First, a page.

Sticking it out until retirement is no longer the norm.
One Sacramento shoe designer is one of many Americans changing careers in the middle of their life. 49-year-old Irene Ruvalcaba is the designer.
Ruvalcaba said her first design, the Marcella, is a dream come true.
"It is just perfect," she said. "I have been planning this for so long." Each pair comes in its own beautiful box, delicately surrounded by pink paper flowers.
Ruvalcaba was raised by migrant parents who grew up in a labor camp and worked in the fields.
"They were picking cherries and I was decorating my shoes with cherries and flowers, whatever I could," she said. As she walked down the rows of the fruit, Irene would dream, "I remember saying if my shoes were pretty enough, I could walk into a better life."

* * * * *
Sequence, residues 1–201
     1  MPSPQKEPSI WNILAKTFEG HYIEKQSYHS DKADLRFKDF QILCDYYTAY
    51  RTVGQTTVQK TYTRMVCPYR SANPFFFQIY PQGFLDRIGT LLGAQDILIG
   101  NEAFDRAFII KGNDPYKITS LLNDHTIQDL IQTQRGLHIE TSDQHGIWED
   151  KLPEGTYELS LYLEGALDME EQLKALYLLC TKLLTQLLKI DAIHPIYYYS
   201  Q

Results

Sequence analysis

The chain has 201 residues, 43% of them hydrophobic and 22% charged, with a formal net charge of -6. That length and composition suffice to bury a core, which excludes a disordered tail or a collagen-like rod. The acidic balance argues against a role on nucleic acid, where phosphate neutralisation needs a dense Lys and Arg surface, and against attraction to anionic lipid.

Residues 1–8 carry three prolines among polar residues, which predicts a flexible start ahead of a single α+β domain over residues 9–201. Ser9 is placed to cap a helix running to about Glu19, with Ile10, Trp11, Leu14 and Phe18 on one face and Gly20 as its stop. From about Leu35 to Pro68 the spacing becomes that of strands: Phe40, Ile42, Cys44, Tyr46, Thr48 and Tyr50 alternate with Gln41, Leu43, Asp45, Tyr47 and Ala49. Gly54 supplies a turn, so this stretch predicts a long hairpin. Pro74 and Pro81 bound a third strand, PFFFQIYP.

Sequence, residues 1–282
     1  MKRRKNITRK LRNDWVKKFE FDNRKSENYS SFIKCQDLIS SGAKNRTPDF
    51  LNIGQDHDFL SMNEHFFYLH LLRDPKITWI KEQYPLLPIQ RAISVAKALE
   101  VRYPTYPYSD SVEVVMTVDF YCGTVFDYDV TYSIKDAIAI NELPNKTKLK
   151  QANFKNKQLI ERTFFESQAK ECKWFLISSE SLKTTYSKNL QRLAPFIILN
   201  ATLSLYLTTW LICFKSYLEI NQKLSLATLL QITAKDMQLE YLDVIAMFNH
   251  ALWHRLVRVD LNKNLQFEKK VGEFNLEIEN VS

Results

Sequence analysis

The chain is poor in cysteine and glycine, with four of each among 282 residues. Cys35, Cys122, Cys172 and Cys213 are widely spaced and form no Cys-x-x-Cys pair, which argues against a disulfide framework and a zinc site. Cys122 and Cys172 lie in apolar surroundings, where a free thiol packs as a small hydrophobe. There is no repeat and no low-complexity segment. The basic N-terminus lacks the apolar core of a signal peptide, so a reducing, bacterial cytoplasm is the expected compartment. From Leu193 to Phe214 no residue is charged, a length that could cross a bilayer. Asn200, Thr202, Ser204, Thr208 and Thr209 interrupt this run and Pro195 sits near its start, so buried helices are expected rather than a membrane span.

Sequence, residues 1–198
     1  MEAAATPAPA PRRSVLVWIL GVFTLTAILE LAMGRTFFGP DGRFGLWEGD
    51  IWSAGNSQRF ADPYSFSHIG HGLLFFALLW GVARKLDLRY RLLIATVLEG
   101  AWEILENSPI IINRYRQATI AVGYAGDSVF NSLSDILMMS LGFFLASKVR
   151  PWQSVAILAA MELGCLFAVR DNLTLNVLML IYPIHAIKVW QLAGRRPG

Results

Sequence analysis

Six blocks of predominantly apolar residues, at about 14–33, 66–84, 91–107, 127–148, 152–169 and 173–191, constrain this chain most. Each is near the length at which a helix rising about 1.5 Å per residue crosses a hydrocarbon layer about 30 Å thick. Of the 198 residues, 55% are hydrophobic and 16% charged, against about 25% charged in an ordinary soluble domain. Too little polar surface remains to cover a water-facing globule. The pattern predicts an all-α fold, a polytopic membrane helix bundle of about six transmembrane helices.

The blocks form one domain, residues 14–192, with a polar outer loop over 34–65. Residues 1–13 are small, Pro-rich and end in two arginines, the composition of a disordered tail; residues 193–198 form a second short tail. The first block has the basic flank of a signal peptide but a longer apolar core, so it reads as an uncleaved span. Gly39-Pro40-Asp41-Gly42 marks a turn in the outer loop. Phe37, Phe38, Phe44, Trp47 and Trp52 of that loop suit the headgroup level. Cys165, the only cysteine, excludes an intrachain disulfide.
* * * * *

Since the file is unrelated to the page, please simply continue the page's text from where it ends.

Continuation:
She went on to be very successful. She worked for Dignity Health for over a decade.
Now, in the middle of her life, Ruvalcaba said it was time to pursue her childhood passion -- designing shoes.
"I'm not going to die saying, 'I wish I would have done it,'" she said.
Ruvalcaba isn't alone. A survey from the Institute of Economic Research found 82 percent of people transition into new careers successfully after 45.
"I feel like I'm walking into my future," Ruvalcaba said.
She said settling or waiting to retire wasn't an option and she hopes others will follow in her footsteps.
"Don't let go of that dream, start taking steps, little steps at a time and go for it, and go for it because it's worth it," she added.
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